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This study demonstrated the potential of using dual-wavelength airborne light detection and ranging (LiDAR) data to classify land cover. Dual-wavelength LiDAR data were acquired from two airborne LiDAR systems that emitted pulses of light in near-infrared (NIR) and middle-infrared (MIR) lasers. The major features of the LiDAR data, such as surface height, echo width, and dual-wavelength amplitude, were used to represent the characteristics of land cover. Based on the major features of land cover, a support vector machine was used to classify six types of suburban land cover: road and gravel, bare soil, low vegetation, high vegetation, roofs, and water bodies. Results show that using dual-wavelength LiDAR-derived information (e.g., amplitudes at NIR and MIR wavelengths) could compensate for the limitations of using single-wavelength LiDAR information (i.e., poor discrimination of low vegetation) when classifying land cover. Full article
Open AccessArticle An Object Model for Integrating Diverse Remote Sensing Satellite Sensors: A Case Study of Union Operation
Remote Sens. 2014, 6(1), 677-699; https://doi.org/10.3390/rs6010677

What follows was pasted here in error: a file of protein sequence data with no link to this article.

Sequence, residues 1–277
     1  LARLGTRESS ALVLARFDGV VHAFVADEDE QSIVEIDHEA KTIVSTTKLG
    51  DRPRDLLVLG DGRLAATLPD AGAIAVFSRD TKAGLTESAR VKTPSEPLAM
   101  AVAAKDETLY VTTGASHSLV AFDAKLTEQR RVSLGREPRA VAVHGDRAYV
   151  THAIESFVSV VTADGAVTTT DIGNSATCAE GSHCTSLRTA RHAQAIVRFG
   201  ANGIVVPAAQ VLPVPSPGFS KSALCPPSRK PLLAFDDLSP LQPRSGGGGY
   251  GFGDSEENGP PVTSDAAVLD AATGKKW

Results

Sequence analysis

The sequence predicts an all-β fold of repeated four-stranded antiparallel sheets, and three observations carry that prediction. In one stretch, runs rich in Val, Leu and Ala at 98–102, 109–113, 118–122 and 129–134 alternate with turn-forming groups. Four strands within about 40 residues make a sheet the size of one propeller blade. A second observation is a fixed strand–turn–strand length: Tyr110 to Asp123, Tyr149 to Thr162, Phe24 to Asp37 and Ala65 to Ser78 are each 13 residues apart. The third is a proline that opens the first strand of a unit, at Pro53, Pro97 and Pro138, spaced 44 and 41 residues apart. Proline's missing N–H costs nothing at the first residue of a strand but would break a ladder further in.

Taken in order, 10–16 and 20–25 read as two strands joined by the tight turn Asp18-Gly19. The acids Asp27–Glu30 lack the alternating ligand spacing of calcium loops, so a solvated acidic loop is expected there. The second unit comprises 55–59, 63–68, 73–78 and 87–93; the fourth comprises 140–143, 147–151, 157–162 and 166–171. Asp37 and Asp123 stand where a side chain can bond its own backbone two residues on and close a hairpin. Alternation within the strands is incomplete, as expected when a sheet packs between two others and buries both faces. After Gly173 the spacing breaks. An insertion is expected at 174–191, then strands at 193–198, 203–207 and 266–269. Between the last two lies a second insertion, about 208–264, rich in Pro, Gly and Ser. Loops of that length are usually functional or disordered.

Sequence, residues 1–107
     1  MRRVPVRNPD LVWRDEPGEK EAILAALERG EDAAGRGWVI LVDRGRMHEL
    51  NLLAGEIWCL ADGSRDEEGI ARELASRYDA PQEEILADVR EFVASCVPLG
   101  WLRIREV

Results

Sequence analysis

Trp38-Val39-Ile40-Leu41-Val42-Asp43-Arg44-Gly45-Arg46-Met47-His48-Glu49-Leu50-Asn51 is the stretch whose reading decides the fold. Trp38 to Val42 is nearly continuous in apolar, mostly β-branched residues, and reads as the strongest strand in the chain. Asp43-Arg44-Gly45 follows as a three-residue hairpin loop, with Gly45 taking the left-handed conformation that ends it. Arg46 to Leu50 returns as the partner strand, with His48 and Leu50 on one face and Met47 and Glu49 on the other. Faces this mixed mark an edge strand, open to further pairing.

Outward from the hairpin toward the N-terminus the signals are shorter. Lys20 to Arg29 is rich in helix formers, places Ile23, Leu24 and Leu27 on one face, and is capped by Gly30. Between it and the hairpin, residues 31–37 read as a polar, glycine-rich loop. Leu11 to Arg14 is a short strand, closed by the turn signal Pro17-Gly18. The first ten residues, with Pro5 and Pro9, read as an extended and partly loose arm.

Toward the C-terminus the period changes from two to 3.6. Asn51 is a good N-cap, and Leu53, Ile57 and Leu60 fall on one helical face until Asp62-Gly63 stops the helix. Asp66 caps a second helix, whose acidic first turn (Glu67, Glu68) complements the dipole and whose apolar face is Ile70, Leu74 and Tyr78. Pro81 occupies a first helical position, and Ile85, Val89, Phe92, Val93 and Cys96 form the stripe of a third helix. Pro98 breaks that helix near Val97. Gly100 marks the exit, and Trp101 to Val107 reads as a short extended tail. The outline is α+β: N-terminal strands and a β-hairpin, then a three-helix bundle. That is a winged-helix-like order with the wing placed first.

Received: 12 October 2013 / Revised: 1 December 2013 / Accepted: 31 December 2013 / Published: 7 January 2014
Cited by 5 | PDF Full-text (1988 KB) | HTML Full-text | XML Full-text
Abstract
In the Earth Observation sensor web environment, the rapid, accurate, and unified discovery of diverse remote sensing satellite sensors, and their association to yield an integrated solution for a comprehensive response to specific emergency tasks pose considerable challenges. In this study, we propose
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In the Earth Observation sensor web environment, the rapid, accurate, and unified discovery of diverse remote sensing satellite sensors, and their association to yield an integrated solution for a comprehensive response to specific emergency tasks pose considerable challenges. In this study, we propose a remote sensing satellite sensor object model, based on the object-oriented paradigm and the Open Geospatial Consortium Sensor Model Language. The proposed model comprises a set of sensor resource objects. Each object consists of identification, state of resource attribute, and resource method. We implement the proposed attribute state description by applying it to different remote sensors. A real application, involving the observation of floods at the Yangtze River in China, is undertaken. Results indicate that the sensor inquirer can accurately discover qualified satellite sensors in an accurate and unified manner. By implementing the proposed union operation among the retrieved sensors, the inquirer can further determine how the selected sensors can collaboratively complete a specific observation requirement. Therefore, the proposed model provides a reliable foundation for sharing and integrating multiple remote sensing satellite sensors and their observations. Full article